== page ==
Climbing onboard the Disorient Express

Things are going to be a little bit different round here for the next few weeks. Everything’s going to become a little Disorienting.

Let me explain.

Back in 1998, I started an exciting new job at a new, thrusting new media firm called Yahoo! I was a senior producer – though it was never?precisely clear what this meant, the job basically entailed doing everything it wasn’t somebody else’s job to do. I didn’t write code. I didn’t do design (but then, at Yahoo! in 1998, nor did anybody else). I didn’t sell advertising (but I did do a fair bit of business development). Basically, I organised scarce resource around key projects, tested them, launched them, and represented ‘the user’ in conversations about them. These days, you’d call me a product manager. But I still prefer ‘producer.’

One of my tasks was working with the tiny development team at Yahoo! Europe. And by tiny, I mean tiny. Four or five guys huddled in a corner, making products which were being used by hundreds of thousands of people, even then.

In those days, Yahoo! was basically two things: a search directory, and a suite of ‘media’ properties basically consisting of News, Finance and Sport. The search directory ran on code developed and managed at then-HQ in Santa Clara, California. The media properties, though, had been developed in Europe, with European media partners such as the Press Association, Reuters and AFP. The platform on which these media properties ran was called Jake, and was basically the invention of one guy: Mark Lester.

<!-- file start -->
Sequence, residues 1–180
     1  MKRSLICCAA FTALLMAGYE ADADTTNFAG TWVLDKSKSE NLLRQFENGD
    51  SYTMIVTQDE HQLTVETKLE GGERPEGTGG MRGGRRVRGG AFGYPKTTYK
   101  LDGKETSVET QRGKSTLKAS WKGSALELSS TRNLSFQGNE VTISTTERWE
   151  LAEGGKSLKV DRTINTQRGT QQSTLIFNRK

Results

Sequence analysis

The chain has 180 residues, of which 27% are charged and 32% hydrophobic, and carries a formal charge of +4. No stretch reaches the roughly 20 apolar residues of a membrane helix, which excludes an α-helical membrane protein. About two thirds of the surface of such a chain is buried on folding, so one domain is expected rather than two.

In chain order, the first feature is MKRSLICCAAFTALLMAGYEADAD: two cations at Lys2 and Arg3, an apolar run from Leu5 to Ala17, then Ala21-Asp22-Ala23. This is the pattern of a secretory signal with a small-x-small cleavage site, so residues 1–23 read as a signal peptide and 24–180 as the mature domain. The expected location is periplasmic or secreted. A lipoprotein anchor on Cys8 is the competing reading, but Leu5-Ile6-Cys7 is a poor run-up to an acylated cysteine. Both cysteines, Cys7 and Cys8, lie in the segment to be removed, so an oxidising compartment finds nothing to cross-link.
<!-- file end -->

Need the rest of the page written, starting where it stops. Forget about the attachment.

(Note: this isn’t to say other guys didn’t work on it, then or subsequently. But it was Mark’s baby – he was the tech architect).

A lot of people outside development seemed a bit afeared of Mark, but I liked him enormously. He was a proud Mancunian, just like my Dad. He was a United fan, just like my Dad and me. He was incredibly proud of the flexible, powerful media platform he’d built for Yahoo! Europe, and he was delighted to work with end users, like me, who had ideas about how to make it work.

Fast forward more than a decade, and Mark and I have both left Yahoo! behind. To be honest, I’m not clear?what Mark has been doing for money in the years he left. But I do know he’s been in the business of redefining travel with a developer’s mind: creating massively complicated travel itineraries, with lots of moving parts and lots of internal dependencies, based on the biggest programmable motherboard of them all – the railway network.

He did it in 2011 with the Indian railway network and the Great Circular Indian Railway Challenge, or GCIRC for short. That involved getting a group of people he’d never met to do a circuit of India by rail, in a little over a fortnight. Go to the site to read all about that. I didn’t go on that trip, for various reasons.

But I’m going on his next one.

The Great Circular European Railway Challenge, or GCERC for short, or Disorient Express for fun, is an attempt to go as far north, east, south and west as reasonably possible by rail in Europe in a little over a fortnight. Mark’s been arranging this for over a year. We leave in a little less than two weeks.

So, in the spirit of using a blog to explain things to oneself, I’m going to be blogging a fair bit about Disorient Express over the coming days. I’ll be drawing very heavily on Mark’s own site, which is the best place to go if you want real detail on train schedules, menus, accommodation and suchlike. Over here it’s going to be a more self-indulgent exercise of trying to make some sense of it all.

All of which requires a new category. So here it is: Disorient Express.

Boilerplate (I’ll stick this at the bottom of all Disorient Express posts): Find out more about Disorient Express at GCERC HQ. Follow us on Facebook, Tumblr and Twitter.

gcerc410

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